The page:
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Taking Control of Your End-of-Life Care

If you live a long time and need help toward the end, who will help you? Where will you receive that care? If you cannot make decisions for yourself, who will you want to make your financial, legal, and medical decisions? Yes, these difficult questions may lead to uncomfortable conversations, but the result will be that you make important decisions for yourself.  And just like other big decisions you have made, like getting married, buying a house, changing jobs, wouldn’t you prefer to make the decision yourself rather than letting someone else make it for you?

People age differently. Some are old in their 50s, and some are youthful into their 90s. And some of us still think we are 25! Regardless of your age, it is critical to ask these questions and have these conversations when things are going well instead of in crisis. When we are under stress, our brains often limit our thinking to simplify our choices. We may oversimplify things and see decisions as all or nothing. Here are some of the questions that you should consider when analyzing your end-of-life precautions:

  1. When would you make a change to your housing situation?

Most people say they want to receive care at home. Think through what changes you may need to make to our home so that you can age in place there. Would your doorways and bathrooms need to be modified to fit a walker or a wheelchair? Would a stairlift need to be installed, or can you live on one level? Would you make a change to your living situation if long-time friends and neighbors moved or died? Loneliness has been linked to a higher risk for medical problems like heart disease and cognitive decline.  Would you move to a retirement community if the cost of care were lower than the cost of care at home? In Birmingham, the average cost of a home health aide is $20 per hour. If you need more than 5 hours of help per day for an extended period, it may be less expensive to move to an assisted living facility. Of course, your financial situation, including whether you have long-term care insurance, will play a role in this decision.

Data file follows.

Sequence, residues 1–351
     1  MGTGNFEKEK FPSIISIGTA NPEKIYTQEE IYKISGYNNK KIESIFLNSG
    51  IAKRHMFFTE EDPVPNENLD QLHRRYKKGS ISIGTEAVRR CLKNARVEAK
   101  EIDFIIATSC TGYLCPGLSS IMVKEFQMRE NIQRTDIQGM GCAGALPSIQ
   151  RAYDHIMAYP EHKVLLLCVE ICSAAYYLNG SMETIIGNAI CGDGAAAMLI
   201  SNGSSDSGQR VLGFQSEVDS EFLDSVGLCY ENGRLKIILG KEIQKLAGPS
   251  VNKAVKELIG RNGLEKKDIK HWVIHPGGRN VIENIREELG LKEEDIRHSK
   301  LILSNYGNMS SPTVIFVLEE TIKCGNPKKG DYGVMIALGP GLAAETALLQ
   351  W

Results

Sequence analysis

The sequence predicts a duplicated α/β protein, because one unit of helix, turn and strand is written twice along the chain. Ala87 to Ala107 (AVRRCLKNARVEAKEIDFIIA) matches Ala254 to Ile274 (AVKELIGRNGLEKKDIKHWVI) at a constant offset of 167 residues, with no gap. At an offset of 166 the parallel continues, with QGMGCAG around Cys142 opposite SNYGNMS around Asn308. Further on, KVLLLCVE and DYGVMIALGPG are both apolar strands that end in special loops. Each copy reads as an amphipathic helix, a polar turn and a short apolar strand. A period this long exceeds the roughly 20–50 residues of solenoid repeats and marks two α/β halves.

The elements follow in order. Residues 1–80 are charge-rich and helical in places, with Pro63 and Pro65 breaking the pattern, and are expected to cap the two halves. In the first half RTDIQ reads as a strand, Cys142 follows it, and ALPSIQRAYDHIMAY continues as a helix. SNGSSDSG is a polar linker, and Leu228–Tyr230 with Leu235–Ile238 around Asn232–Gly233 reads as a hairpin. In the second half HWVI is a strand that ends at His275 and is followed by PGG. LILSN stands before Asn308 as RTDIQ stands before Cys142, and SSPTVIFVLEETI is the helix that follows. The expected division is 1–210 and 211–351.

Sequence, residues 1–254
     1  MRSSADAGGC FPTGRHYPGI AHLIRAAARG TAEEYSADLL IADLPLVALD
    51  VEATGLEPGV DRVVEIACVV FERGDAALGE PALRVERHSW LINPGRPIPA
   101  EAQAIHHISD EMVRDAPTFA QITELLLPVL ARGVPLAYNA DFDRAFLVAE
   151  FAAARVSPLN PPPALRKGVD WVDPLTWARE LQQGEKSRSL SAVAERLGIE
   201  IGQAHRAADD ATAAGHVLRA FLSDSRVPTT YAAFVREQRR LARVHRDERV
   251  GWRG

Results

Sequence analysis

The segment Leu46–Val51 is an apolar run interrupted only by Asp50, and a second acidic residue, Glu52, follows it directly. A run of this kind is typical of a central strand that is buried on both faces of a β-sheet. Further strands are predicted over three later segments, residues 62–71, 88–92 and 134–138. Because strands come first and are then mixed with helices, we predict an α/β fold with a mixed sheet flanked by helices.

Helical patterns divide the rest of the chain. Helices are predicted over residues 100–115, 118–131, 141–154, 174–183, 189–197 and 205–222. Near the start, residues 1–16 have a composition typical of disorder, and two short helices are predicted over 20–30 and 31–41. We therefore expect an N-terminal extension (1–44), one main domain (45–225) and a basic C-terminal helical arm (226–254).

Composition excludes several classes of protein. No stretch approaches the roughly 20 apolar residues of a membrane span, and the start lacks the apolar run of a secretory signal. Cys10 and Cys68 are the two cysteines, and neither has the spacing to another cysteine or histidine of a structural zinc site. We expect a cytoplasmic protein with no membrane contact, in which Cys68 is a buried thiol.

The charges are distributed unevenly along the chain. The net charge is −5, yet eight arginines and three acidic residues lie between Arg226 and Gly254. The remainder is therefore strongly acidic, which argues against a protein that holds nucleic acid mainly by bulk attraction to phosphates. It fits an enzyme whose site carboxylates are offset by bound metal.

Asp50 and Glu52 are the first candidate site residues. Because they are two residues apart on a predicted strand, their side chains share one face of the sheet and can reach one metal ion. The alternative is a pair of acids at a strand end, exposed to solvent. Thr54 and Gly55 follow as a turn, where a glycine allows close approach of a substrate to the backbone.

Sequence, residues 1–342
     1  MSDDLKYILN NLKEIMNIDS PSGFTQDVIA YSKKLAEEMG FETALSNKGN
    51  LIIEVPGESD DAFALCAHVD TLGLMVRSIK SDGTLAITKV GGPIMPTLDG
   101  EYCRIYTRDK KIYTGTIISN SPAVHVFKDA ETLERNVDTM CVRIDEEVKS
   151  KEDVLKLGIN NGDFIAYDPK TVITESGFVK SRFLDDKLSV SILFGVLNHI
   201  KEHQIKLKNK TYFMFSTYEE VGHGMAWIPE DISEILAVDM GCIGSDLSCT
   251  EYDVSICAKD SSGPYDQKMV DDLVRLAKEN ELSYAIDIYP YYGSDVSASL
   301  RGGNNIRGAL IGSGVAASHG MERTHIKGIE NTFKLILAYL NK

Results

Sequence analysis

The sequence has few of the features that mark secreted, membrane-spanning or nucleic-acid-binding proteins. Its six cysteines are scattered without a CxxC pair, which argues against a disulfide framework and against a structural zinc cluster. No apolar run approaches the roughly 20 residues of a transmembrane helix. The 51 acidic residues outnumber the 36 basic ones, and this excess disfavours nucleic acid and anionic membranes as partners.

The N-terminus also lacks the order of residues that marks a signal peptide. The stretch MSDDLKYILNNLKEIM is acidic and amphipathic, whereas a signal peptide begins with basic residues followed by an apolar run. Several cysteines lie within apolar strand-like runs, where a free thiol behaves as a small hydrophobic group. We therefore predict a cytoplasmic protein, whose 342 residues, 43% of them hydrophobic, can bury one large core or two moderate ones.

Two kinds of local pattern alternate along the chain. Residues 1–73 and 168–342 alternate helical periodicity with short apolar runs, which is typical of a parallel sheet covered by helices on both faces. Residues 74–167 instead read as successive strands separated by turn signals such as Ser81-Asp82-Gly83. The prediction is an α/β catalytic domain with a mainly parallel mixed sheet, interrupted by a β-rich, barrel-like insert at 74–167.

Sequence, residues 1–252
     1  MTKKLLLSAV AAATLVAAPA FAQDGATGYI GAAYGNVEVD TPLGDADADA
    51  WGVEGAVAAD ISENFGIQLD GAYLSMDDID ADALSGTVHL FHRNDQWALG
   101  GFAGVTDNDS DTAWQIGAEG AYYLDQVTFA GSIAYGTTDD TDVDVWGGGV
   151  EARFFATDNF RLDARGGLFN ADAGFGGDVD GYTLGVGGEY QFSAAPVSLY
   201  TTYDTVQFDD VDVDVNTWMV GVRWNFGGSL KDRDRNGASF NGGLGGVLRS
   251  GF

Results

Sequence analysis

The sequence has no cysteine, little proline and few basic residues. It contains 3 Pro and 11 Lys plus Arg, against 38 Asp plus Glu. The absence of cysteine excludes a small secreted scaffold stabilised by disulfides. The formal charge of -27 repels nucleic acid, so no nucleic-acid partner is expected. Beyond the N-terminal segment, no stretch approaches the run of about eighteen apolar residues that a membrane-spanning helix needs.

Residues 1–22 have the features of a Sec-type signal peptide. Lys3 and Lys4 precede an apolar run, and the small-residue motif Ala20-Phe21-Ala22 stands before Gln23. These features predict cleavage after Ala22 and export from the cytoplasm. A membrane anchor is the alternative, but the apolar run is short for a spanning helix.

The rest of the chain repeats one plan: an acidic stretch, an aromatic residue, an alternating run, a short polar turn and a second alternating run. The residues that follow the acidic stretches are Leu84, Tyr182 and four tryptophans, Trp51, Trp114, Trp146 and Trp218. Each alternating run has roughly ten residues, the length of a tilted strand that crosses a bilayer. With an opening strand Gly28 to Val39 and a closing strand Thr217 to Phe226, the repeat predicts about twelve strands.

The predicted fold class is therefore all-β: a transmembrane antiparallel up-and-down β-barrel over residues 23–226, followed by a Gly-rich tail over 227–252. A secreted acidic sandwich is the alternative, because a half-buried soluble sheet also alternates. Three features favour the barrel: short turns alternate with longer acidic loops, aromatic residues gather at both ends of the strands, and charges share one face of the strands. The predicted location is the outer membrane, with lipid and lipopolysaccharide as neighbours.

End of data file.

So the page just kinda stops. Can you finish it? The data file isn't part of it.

1. How will you know when it is time to stop driving?

My sisters and I had to take the car keys away from my Dad, and that experience was worse than I imagined it would be. Dad was experiencing cognitive decline.  In hindsight, we should have stopped him from driving well before we did, but we waited because we hated to take more independence from him. Will you depend on your doctor to make this decision for you? This resource from AARP may be helpful.  Once you are no longer driving, how will you get to the people and places you want to go? Will you use ride-sharing services like Uber and Lyft? Maybe ask a family member or close friend to drive you? Or perhaps stopping driving is another reason you would consider moving to a retirement community?

  1. How will your bills be paid if you have trouble remembering, making decisions, or concentrating?

It would be beneficial to have a power of attorney in place for someone to make legal and financial decisions for you, and that person may be the one who helps with your day-to-day money management. What steps could you take now to simplify your finances? Could you combine bank accounts and/or investment accounts? Could you close credit cards? If you need someone to pay your bills, you might want to check out the American Association of Daily Money Managers.

  1. What quality of life is essential to you in the end?

Do you want to do whatever it takes to live? Or is there a time that you would transition to comfort care to manage pain?  It would be best to have an advanced healthcare directive that appoints someone to make medical decisions for you. But it is important to share what you value at the end of life with this person so the right decisions for you can be made. The book, Being Mortal by Atul Gwande, is a worthwhile read when making these types of decisions, and so is the tool Five Wishes.

My Dad was 89 and physically healthy until several weeks before his death on February 5th, 2021. Even as he was declining, he was still my Dad. He reminded me to eat, to go home, to be with my family, and to go get some sleep. You can still parent to the end by making these difficult decisions for your family ahead of time.


Sources:

“Stress leads to bad decision making

“Social isolation, loneliness in older people pose health risks”

“Cost of Care”

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